Credit: @SundayInTheArts twitter

Throughout the evening, the pair were joined by three special guests: Natalie McQueen (currently in Murder Ballad); Cellen Chugg Jones; and Adam Bailey. Although all three are undeniably talented, the stand out performance was Natalie’s rendition of Ariana Grande’s Dangerous Woman. Completely revamping it and making the song gritty and rock ‘n’ roll. Bear in mind, she only had a piano accompanying her.

Unfortunately, what really let the evening down was all the dialogue in between the numbers. There were moments where it seemed as though the pair were completely unprepared, even thought it was quite structured.

That being said, An Evening with Anthony Williamson and Emma Ralston is well worth the price of admission. You never know what you’re going to get!

Check them out here: https://www.youtube.com/channel/UCyCdSFfFikbIg-Wj6Mp9UZw

By Charly Ralph

First published back in 1999, Julia Donaldson’s The Gruffalo has definitely stood the test of time and is still a much loved children’s book today. Having been adapted for the stage by Tall Stories Theatre Company, The Gruffalo has roared his way back to London’s West End celebrating his 15th anniversary treading the boards. For a limited season, this children’s fantasy story will be brought to life once more, on stage at London’s Lyric Theatre, for audiences of all ages.

Steve McCourt (The Gruffalo) Ellie Bell (Mouse) & Charlie Guest (Predators).jpg
Credit: Tall Stories

It tells the story of a mouse, walking through the deep, dark wood, and how she escapes the clutches of the dangerous animals she meets along the way. With a fox, an owl and a snake to contend with, the mouse warns them all of her friend the Gruffalo, a hybrid monster with large tusks and bright orange eyes. As the animals flee in fear, the mouse celebrates the success of her plan as after all, there’s no such thing as a Gruffalo… right?

As the audience take to their seats, the sounds of the deep, dark wood echo around the theatre. The illustrative design of the simple yet effective set makes it instantly recognisable to those watching who are familiar with the book. Initially introduced as narrators, the cast begin to transform, with clever costume extensions, into the enchanting locals of the wood. Ellie Bell’s Mouse is confident and smart, naturally engaging with the audience as she invites them to join her on her journey.

Equally as charming are Charlie Guest (Fox, Owl and Snake) and Steve McCourt (The Gruffalo), who each possess a substantial amount of comedic timing which is appreciated by both children and adults alike. Although not the most inspiring of scripts for those over the age of 10, the three members of the cast share a chemistry on stage which allows the production to flow naturally and is consequently more enjoyable to watch.

The wonderfully talented trio give each character a unique personality, with expressive vocals and sound effects reminiscent of when bedtime stories are read to children. This dialogue is enhanced further by carefully constructed choreography from Morag Cross that skilfully animates the storyline as its taking place, especially when the characters act out the features of The Gruffalo.

Steve Mccourt (The Gruffalo) & Ellie Bell (Mouse) 2.jpg
Credit: Tall Stories

The music’s uncomplicated melodies fall slightly short of showcasing the best of the actor’s abilities but does allow the younger members of the audience to participate throughout the show, creating an interactive experience. From beginning to end the atmosphere was one of excitement led mostly by the cast’s commitment to both the story and their audience.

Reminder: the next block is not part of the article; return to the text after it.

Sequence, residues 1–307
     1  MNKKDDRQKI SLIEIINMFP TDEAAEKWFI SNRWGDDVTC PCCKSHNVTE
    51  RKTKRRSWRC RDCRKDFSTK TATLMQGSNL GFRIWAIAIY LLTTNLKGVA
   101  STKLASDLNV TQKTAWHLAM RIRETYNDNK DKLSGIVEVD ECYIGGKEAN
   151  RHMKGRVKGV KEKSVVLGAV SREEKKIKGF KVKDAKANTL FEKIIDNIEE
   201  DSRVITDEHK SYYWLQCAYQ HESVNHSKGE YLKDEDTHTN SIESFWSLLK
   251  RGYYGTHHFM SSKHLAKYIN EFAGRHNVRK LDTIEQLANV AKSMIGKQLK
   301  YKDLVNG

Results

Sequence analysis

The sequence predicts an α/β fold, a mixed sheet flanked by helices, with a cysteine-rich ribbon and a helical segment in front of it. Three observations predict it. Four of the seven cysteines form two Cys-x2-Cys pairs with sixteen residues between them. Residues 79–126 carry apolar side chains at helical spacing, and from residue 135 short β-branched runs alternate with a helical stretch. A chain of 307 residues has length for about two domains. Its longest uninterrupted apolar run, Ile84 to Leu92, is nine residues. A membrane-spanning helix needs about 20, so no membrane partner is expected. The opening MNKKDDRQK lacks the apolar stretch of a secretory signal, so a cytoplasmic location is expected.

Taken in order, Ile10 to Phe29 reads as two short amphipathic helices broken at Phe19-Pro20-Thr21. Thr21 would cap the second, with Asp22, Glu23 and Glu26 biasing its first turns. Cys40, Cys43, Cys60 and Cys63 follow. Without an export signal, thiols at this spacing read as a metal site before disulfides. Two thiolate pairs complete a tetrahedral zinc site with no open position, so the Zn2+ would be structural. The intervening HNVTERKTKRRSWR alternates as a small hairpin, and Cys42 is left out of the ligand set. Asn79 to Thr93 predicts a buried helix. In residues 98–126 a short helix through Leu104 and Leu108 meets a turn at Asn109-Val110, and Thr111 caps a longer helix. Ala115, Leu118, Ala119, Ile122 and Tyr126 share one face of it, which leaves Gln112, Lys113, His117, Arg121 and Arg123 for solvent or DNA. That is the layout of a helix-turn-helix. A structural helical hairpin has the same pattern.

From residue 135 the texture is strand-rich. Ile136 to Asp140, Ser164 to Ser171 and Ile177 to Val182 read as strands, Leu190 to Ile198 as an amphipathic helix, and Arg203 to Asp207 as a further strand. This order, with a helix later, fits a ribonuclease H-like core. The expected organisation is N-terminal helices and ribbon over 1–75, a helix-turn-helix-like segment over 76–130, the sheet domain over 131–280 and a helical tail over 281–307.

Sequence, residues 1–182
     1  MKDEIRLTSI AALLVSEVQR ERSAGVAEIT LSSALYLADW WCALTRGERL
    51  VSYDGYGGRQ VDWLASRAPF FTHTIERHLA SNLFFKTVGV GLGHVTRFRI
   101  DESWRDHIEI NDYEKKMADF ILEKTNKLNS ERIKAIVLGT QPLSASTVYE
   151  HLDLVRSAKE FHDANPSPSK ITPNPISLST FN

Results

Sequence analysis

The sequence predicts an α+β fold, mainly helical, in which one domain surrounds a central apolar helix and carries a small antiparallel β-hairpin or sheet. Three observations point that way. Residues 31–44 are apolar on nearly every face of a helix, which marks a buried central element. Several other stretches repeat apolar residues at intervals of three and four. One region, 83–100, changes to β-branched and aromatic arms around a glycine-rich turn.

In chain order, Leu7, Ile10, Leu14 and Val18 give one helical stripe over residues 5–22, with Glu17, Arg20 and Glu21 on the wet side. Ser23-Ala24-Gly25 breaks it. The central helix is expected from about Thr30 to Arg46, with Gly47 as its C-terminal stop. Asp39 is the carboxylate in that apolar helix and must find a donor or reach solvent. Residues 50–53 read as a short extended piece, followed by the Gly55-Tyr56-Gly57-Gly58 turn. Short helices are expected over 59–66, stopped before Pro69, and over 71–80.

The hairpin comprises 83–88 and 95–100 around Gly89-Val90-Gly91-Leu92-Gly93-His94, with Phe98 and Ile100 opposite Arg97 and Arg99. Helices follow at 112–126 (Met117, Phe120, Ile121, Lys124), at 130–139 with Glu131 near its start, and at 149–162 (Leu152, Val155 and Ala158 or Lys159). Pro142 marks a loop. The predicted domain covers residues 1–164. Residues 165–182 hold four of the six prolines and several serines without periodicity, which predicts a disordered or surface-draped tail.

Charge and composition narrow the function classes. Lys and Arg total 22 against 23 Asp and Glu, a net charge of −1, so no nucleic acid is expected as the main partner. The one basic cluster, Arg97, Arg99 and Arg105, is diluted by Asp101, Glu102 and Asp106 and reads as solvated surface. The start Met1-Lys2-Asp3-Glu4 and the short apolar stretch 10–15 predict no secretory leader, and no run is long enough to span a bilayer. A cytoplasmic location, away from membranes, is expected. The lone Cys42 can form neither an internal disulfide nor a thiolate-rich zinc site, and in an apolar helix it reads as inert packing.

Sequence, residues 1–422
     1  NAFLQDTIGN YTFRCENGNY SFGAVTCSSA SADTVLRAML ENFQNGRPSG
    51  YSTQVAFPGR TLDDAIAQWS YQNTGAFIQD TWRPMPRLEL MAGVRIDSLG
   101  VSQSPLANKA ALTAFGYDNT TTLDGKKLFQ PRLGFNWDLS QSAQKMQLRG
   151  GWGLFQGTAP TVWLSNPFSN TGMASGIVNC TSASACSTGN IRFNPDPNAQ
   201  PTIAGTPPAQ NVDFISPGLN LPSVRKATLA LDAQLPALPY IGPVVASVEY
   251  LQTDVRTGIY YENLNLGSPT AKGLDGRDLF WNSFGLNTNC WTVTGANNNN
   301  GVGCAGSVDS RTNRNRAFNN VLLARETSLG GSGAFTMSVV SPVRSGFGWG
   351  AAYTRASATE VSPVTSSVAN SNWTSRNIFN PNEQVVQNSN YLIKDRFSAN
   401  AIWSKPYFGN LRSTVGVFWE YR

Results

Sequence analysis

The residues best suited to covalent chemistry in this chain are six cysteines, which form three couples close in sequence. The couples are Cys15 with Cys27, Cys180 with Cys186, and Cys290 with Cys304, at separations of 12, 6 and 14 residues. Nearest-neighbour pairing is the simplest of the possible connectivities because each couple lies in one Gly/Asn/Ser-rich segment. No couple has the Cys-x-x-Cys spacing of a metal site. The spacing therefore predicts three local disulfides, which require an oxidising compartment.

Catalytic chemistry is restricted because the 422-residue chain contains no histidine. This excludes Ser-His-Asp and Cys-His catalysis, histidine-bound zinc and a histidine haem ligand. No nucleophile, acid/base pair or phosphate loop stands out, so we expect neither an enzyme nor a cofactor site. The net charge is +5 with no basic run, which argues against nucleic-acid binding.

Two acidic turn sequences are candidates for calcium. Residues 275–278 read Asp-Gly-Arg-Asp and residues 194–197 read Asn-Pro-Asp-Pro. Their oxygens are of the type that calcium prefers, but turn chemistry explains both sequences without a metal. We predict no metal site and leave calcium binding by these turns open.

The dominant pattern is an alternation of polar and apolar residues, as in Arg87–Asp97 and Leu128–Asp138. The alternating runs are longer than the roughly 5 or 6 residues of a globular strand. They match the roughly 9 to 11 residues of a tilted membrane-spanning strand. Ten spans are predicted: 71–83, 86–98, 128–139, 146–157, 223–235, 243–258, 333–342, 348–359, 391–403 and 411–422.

The Gruffalo is a fun introduction to the world of theatre for children and an enjoyable show for all the family. As the story’s fan base continues to grow with new generations, there is a definite place for The Gruffalo in London’s Theatre land. Olivia Jacobs’ (Director) on stage adaptation is a magical experience for all fans, old and new, and this particular run has now been extended until the 8th January 2017.

Book tickets here http://www.tallstories.org.uk/the-gruffalo/dates-and-tickets?search:dates-venue-country-code=GB

The Truth is a comedic play that examines the complex relationship between two couples who are caught up in the politics of extra marital affairs, friendship, deceit and the truth.

The show was well received on the night with audience members audibly in stitches as Alex Hanson, Tanya Franks, Francis O’Connor and Robert Portal took the stage in Zeller’s newest play to hit the West End following the success of his penultimate piece “The Father”.

The set design is simple but creative and serves the theme well. Clean, sharp surfaces sweep across the stage to reveal the size and shape of new locations that to my mind reflected the smoothly covered truth and revealed lies that make up the bulk of the play’s content.


I believe Lindsay Posner’s direction achieves what it set out to achieve and in that cannot be criticised, however there is very little grit to the piece. The plot follows the affairs, cover ups and conversations of 2 middle aged married couples and explores the selfishness, cowardice and loyalty of each individual concluding that no one has any.

Although the subject matter is dark, the piece plays out like an “Allo, Allo!” episode. Farce ensues and I was left feeling underwhelmed by what seemed to be a deliberately pompous, over acted 90 or so minutes. However, as I sat in the audience I could clearly see that I was in the minority and that the play was being thoroughly enjoyed by those around me.


I was constantly waiting for the foot to drop, for a human reaction that didn’t come with a comedy drum roll but all I got was gags and good timing. It seemed odd and ironic in equal measure, perhaps purposefully so, that in a play called “The Truth”, there was a complete absence of it in any one moment.

The opportunity cost of seeing this show is just too great for it to come recommended but I do feel that it just wasn’t for me and that if you’re a fan of borderline slapstick or just a lover of farce this would be your cup of tea.